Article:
$408 for hotel fees - 3 nights @ $90/night (good rate) plus $40 per night for their pet fee, plus tax.
$43 for groceries to eat in hotel room (note - their hotel was 3 minutes from the house, just down the road. They bought canned soups, crackers, fruit & veggies, bread, mayo, lunchmeat). I am inclined to say NO to this since they could have retrieved that food from the house.
$62 for two restaurant breakfasts. Hotel didn't have a breakfast buffet - but I think restaurant breakfasts should not be my responsibility. The hotel had a fridge & microwave - they could have made oatmeal or eaten yogurt or cereal, like we do every day instead of driving to a restaurant and ordering $13 meals.
$22 for a pizza for dinner
$55 for food lost in the fridge power-outage (meat, cheese, veggies)
$51 gas ????? This makes no sense to me at all. The hotel was 3 miles from the house, and all the stores they went to were within walking distance of the hotel.
This totals up to about $640, and they want $60 for their "time."
My thoughts - The food bills are silly. The gas is ridiculous. They have renter's insurance and can file a claim through that if they wish.
So I am thinking of telling the property manager:
The tenant's renter's insurance likely covers them in this situation. We are already out $3k+ for an electrical system that was fine when we left the house in June.
Looking over the receipts, I am a little surprised at a few things. One is that they seem to have not brought perishable food from the house into the hotel. That would have saved them food expenses while staying in the hotel, and would have saved that food from spoilage by being left in the refrigerator. I am also surprised that they want us to pay for their restaurant meals, since their hotel had a fridge & microwave, and they had already bought soups & sandwich fixings to eat in the hotel. If it had been me, I would have eaten oatmeal & yogurt (like the yogurt they apparently left in the house fridge) for breakfast instead of going out to a restaurant. Replacing food left in the refrigerator is surprising to me, since I am fairly certain the food could have been moved to the garage and kept at a safe temperature, and food in the freezer could have been placed outside at 20 degrees F. So given all that, I feel that their food expenses were unnecessary and not our responsiblity.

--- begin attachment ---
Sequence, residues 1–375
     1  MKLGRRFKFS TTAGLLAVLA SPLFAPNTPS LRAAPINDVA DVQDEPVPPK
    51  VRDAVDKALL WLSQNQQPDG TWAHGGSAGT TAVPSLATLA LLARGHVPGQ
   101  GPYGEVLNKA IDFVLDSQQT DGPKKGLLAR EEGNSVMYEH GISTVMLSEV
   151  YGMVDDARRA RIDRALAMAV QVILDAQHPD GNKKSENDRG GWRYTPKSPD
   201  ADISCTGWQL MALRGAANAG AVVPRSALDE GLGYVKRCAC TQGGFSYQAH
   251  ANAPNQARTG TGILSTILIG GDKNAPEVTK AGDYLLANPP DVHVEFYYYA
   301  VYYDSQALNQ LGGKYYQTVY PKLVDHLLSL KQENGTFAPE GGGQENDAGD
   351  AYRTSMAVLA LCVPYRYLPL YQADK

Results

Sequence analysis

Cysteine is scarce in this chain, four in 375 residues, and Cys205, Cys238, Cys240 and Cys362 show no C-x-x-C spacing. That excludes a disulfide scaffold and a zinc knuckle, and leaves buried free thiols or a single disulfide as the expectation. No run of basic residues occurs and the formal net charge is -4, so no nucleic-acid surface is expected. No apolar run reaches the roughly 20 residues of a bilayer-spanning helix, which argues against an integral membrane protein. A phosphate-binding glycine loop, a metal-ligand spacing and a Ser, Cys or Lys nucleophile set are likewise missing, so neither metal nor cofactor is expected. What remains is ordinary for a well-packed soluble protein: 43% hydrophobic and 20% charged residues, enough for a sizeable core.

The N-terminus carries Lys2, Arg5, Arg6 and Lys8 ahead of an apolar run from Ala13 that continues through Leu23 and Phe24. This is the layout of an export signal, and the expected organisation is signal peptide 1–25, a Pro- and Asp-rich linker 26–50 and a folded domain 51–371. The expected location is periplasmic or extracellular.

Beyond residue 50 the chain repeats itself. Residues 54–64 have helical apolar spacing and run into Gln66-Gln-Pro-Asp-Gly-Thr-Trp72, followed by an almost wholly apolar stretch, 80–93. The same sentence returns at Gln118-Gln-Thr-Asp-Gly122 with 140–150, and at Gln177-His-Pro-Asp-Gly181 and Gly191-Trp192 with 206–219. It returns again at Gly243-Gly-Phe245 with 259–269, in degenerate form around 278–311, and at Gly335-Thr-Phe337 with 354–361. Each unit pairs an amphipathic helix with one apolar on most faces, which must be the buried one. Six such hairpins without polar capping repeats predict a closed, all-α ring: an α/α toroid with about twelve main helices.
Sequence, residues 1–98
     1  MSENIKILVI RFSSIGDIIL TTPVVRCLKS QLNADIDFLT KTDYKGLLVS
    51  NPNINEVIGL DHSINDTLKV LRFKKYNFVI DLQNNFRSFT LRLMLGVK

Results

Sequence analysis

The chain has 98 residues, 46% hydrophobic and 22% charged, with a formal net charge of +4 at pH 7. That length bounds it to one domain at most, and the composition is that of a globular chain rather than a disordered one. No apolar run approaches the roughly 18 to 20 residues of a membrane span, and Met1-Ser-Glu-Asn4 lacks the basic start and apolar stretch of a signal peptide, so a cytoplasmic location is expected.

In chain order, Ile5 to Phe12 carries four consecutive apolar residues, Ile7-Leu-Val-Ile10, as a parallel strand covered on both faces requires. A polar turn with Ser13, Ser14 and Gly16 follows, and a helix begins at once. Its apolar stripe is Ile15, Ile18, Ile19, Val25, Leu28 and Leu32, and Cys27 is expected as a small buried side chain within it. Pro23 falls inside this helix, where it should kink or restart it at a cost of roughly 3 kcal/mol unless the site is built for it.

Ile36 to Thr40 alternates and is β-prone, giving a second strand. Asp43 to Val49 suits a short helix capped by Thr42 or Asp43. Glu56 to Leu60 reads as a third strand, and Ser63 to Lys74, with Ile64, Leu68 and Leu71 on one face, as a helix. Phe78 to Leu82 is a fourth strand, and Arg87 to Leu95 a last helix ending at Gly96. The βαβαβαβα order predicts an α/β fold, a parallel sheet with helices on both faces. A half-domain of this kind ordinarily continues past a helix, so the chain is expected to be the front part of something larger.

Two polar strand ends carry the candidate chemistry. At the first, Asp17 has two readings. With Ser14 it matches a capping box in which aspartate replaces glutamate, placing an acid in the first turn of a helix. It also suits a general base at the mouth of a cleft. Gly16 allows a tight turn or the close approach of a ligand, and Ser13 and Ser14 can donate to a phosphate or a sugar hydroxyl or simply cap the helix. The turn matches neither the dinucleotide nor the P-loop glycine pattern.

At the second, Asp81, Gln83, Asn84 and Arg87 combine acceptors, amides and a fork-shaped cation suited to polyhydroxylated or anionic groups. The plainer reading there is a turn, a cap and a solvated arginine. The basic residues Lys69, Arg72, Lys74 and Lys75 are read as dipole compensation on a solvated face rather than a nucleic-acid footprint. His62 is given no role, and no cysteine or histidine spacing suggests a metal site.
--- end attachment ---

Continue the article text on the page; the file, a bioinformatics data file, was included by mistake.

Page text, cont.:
I do not understand the gas receipt at all. The hotel is 1 mile further from Anchorage than the house, and the Walmart, cafe, and pizza place are all within 1 mile of the hotel. As far as I can see, any increase in fuel is negligible.
I feel comfortable crediting their rent for the 5 days that the house was without power, and they can file a claim through their renter's insurance.
--- I am trying to be fair to myself here, and not just rolling over and paying them for their drama. Does this seem reasonable?
Edited by ondreeuh, 03 November 2017 - 04:05 AM.